Activity 2 Teacher Guide: How High Does the Atmosphere Go? Portions of this activity have been modified from "Global Warming and the Greenhouse Effect," Great Explorations in Math and Science (GEMS) series.
(Copyright permission pending) Layers of the Atmosphere. The envelope of gas surrounding the Earth changes from the ground up.
Five distinct layers have been identified using... thermal characteristics (temperature changes),chemical composition,movement, anddensity. Each of the layers are bounded by "pauses" where the greatest changes in thermal characteristics, chemical composition, movement, and density occur. Exosphere This is the outermost layer of the atmosphere. Thermosphere Between about 53 miles (85 km) and 375 miles (600 km) lies the thermosphere. As such, incoming high energy ultraviolet and x-ray radiation from the sun begins to be absorbed by the molecules in this layer and causes a large temperature increase.
Because of this absorption, the temperature increases with height. However, despite the high temperature, this layer of the atmosphere would still feel very cold to our skin due to the very thin atmosphere. NWS JetStream MAX - The Structure of the Ionosphere. This absorption of radiation is also responsible for the ionosphere.
Located within the thermosphere, the ionosphere is made of electrically charged gas particles (ionized). The ionosphere extends from 37 to 190 miles (60-300 km) above the earth's surface. It is divided into three regions or layers; the F-Region, E-Layer and D-Layer. Good Up High Bad Nearby - What is Ozone? Updated September 2014 View or print brochure in PDF(2003, 2 pp., 1.4MB, about PDF) What is ozone?
Ozone is a gas that occurs both in the Earth's upper atmosphere and at ground level. Ozone can be "good" or "bad" for your health and the environment, depending on its location in the atmosphere. How Can Ozone Be Both Good and Bad? NWS JetStream Learning Lesson: Water Cycle Paper Craft. Overview Water moves from the ground to the atmosphere and then returns to the ground, however, the actual path water takes in its cycle is more complicated.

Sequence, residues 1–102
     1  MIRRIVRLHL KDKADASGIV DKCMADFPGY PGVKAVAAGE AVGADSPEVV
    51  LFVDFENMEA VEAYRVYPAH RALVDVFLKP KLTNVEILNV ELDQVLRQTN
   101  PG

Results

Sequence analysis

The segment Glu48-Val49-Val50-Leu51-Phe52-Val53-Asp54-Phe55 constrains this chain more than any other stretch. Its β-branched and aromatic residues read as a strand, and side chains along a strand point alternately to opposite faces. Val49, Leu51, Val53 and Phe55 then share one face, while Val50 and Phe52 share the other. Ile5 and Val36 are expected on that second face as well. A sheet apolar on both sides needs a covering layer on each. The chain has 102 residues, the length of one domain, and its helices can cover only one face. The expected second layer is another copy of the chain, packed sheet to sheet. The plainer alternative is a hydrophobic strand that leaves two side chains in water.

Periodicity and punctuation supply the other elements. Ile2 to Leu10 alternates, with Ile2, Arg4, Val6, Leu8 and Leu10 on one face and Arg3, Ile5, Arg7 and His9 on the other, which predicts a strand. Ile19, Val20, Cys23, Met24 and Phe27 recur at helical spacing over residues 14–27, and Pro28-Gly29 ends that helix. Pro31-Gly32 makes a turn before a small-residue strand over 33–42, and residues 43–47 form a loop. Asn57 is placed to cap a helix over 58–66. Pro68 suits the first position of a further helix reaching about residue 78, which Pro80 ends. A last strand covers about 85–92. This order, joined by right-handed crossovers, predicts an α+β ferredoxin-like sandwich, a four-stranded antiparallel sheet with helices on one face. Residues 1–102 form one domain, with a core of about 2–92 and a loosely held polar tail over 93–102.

There are many stops on water's journey. Students will learn how the water cycle works using 3-D paper craft activity. Procedure. SVS: Chemical Model Animation of O2 being Broken Up and Reforming as O3. SVS: Ozone Layer Shielding Our Planet. Greenhouse_2011. Atmosphere - animated diagram. A Year in the Life of Carbon Dioxide. Launched in 2014, the Orbiting Carbon Observatory-2 (OCO-2) has been collecting NASA’s first detailed, global measurements of carbon dioxide in the atmosphere.
The OCO-2 team recently released its first full year of data, which is critical to analyzing and understanding Earth’s carbon cycle. The animated map above shows global average carbon dioxide concentrations as measured by OCO-2 from September 6, 2014, to September 6, 2015. The satellite measures carbon dioxide from the top of Earth’s atmosphere to its surface. Higher concentrations appear dark orange, while lower concentrations appear yellow. The scale is relatively narrow, from 390 to 405 parts per million, the high and low measurements by OCO-2 in its first year. One recognizable pattern over the year is the annual uptake and release of carbon as each hemisphere passes through the seasons.
Carbon naturally cycles through earthly environments. Related ReadingNASA (2015, November 12) A Breathing Planet, Off Balance. UCAR Center for Science Education. UCAR Center for Science Education. UCAR Center for Science Education. Scied ucar edu Troposphere Diagram. UCAR Center for Science Education. Closures/Emergencies Skip to main content Earth's Atmosphere from ISS You are here Home Credit: Image Science & Analysis Laboratory, NASA Johnson Space Center.
Greenhouse Effect Movie - Scott Denning. Closures/Emergencies Skip to main content Greenhouse Effect Movie - Scott Denning You are here Home Download video: Original, MPEG-4, OGG Professor Scott Denning of Colorado State University explains how greenhouse gases in Earth's atmosphere warm our planet.
Credit: Changing Climates project at Colorado State University. In this movie, Professor Scott Denning of the Atmospheric Science Department at Colorado State University explains how greenhouse gases in Earth's atmosphere warm our planet.